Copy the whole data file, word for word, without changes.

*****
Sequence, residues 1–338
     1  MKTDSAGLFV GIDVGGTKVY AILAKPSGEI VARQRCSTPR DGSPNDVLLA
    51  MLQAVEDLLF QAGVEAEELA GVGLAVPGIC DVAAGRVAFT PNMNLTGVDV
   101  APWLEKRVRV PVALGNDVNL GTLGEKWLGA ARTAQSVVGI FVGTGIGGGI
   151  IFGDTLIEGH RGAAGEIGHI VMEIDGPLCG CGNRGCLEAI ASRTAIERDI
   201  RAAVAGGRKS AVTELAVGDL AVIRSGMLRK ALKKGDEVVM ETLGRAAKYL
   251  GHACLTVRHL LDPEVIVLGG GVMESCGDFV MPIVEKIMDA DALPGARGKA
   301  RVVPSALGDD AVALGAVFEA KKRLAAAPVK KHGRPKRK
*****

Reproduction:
Sequence, residues 1–338
     1  MKTDSAGLFV GIDVGGTKVY AILAKPSGEI VARQRCSTPR DGSPNDVLLA
    51  MLQAVEDLLF QAGVEAEELA GVGLAVPGIC DVAAGRVAFT PNMNLTGVDV
   101  APWLEKRVRV PVALGNDVNL GTLGEKWLGA ARTAQSVVGI FVGTGIGGGI
   151  IFGDTLIEGH RGAAGEIGHI VMEIDGPLCG CGNRGCLEAI ASRTAIERDI
   201  RAAVAGGRKS AVTELAVGDL AVIRSGMLRK ALKKGDEVVM ETLGRAAKYL
   251  GHACLTVRHL LDPEVIVLGG GVMESCGDFV MPIVEKIMDA DALPGARGKA
   301  RVVPSALGDD AVALGAVFEA KKRLAAAPVK KHGRPKRK